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06/28/2006

Danger! Flourishing Vines

We in New Jersey accept the fact that our state is the butt of
many jokes, typically related to corruption, the ambiance
surrounding the New Jersey Turnpike and the like. Currently,
our lawmakers and governor can’t agree on how to close a $5
billion deficit in the budget and our state government may shut
down. Even Chemical and Engineering News (C&EN) contains
sly comments about our lawmakers. In the Newscripts section of
the June 5 issue, Rick Mullin noted that some years ago the New
Jersey State Assembly failed to agree on Bruce Springsteen’s
“Born to Run” as the state song. The Assembly also didn’t agree
to a proposal that the tomato should be the state vegetable.
Mullin says the song was essentially about getting out of New
Jersey “by any means possible” and the tomato is actually a fruit!

Last month, our lawmakers did agree on something. On May 22,
they proclaimed “Downer soil” to be the Official State Soil. “All
hail Downer dirt, the finest in New Jersey” was a headline in the
May 20 Philadelphia Inquirer anticipating the passage of the
legislation. The article began: “We always knew New Jersey
was a dirty place.” Not willing to take these slights lying down, I
visited the US Department of Agriculture (USDA) Web site and
found that New Jersey isn’t the only state that has legislated an
official state dirt. Apparently, every state has a state soil and 20
states have designated “Official State Soils”. (I don’t know if the
USDA entry included NJ; if not, there are 21.) The USDA
asserts that these official soils deserve just as much prestige as a
state flower or a state tree (NJ’s is the red oak). But couldn’t we
at least have renamed Jersey’s soil to be an “Upper” soil?

Downer soil is found primarily in sandy coastal plains of the type
in South Jersey. It has a loamy grayish-brown surface layer with
a porous sponge-like quality. The soil here in northern Jersey
does not seem to be the Downer type. It tends to be hard and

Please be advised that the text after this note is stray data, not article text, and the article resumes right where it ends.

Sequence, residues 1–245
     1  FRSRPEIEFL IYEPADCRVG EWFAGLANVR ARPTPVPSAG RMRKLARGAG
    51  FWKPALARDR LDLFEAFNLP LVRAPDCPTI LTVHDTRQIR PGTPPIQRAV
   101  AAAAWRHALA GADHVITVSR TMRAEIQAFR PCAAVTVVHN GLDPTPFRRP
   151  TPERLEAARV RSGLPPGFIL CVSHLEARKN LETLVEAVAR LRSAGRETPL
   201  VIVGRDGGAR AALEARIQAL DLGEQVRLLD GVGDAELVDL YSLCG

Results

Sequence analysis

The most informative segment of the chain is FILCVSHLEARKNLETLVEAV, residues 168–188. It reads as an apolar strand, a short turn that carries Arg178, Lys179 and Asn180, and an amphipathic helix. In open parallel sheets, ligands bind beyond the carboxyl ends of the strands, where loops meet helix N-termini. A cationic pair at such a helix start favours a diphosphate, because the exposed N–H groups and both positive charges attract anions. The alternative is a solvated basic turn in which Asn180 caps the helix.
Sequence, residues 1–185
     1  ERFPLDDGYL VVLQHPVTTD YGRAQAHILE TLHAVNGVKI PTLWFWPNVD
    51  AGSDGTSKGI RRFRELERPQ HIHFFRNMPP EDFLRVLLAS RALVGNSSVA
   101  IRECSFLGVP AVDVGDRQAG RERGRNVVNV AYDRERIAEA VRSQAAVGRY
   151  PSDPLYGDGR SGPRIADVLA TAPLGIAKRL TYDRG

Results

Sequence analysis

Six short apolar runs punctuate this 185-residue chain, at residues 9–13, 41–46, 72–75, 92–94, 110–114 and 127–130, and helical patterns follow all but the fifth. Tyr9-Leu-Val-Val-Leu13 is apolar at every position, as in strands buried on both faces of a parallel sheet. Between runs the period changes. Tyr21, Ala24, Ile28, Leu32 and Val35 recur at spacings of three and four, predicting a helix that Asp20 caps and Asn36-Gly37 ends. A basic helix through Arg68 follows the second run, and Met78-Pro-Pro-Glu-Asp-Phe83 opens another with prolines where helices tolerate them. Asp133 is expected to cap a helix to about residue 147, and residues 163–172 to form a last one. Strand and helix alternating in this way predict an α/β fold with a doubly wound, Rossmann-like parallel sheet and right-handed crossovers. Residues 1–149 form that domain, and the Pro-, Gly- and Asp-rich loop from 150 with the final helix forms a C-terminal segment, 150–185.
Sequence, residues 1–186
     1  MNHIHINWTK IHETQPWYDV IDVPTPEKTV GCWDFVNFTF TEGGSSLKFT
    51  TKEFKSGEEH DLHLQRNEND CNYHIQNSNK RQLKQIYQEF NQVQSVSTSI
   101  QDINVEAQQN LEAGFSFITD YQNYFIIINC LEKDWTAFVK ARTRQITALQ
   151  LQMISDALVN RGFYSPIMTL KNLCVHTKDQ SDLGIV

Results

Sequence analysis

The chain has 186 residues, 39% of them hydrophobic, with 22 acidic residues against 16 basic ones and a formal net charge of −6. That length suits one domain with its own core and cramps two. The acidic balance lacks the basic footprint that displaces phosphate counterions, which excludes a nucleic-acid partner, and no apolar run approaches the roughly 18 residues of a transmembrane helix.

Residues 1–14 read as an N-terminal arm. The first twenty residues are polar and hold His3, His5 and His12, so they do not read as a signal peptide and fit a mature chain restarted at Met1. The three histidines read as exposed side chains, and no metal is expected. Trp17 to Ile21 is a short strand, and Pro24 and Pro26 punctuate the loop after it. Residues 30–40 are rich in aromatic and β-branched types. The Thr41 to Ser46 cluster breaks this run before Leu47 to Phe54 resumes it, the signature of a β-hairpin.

rocks in the sand traps of one nearby county course are not
uncommon. Last week, I was golfing there with my buddy Tony
and questioned his judgment in attempting a shot between two
trees, likening it to Phil using his driver on the 18th at the US
Open. Tony’s shot ended up in the woods but I refused to help
find the ball when I spotted a healthy stand of Toxicodendron
radicans, which seems to grow in unofficial soils. Only the day
before, I had coffee at the mall after our morning walk and was
told not to sit across from a fellow walker who had come in close
contact with T. radicans, also known as poison ivy. His case was
so bad that his eyes had been nearly swollen shut.

I was reminded of my own experience many years ago. As
chairman of an environmental group at Bell Labs, I was involved
in a project to install culverts along an extended walking path in
our area. My co-chairman and I went out one Saturday to
determine how to instruct our group of volunteers to handle the
digging and installing of the culverts the next weekend. George
and I bit off more than we could chew. Those culverts were big
and heavy! I was exhausted and sat down to rest. I was wearing
shorts and didn’t realize I was sitting on poison ivy! The next
day I was not a pretty picture!

Last week, the media headlined a “startling” conclusion - global
warming is real, the conclusion reached by a scientific panel
created to advise Congress on the subject. The graphical data
printed in our Star-Ledger looked to me to be the same data that
we’ve discussed in past columns. Hopefully, our lawmakers will
pay attention and act - banning SUVs would be a good start.
And TV commercials such as the one featuring Derek Jeter and
Spike Lee trying to outdo each other in burning up the road
certainly don’t help to encourage gas-saving strategies!

Which brings me back to poison ivy and its cousins such as
poison oak and poison sumac. A prime cause of global warming
is the CO2 we’re putting into our atmosphere. In recent years,
scientists have found that, in forests around the Earth, woody
vines have been flourishing, not only killing trees but also
preventing normal growth of new trees. T. radicans is a woody
vine and for six years researchers from various institutions have
been carrying out field trials in North Carolina in the Duke
University FACE (Free-Air CO2 Enrichment) experiment. In the
FACE experiment, portions of forest have been cordoned off.
Some sections have been allowed to grow freely while in other
sections carbon dioxide has been piped in to raise the ambient
level of about 370 microliters per liter (let’s call it parts per
million, ppm) to 570 ppm. The 570-ppm figure is expected to be
the concentration of CO2 by the middle of this century.

In a paper published this month in the Proceedings of the
National Academy of Sciences, Jacqueline Mohan of Woods
Hole and her colleagues from Duke, the USDA and West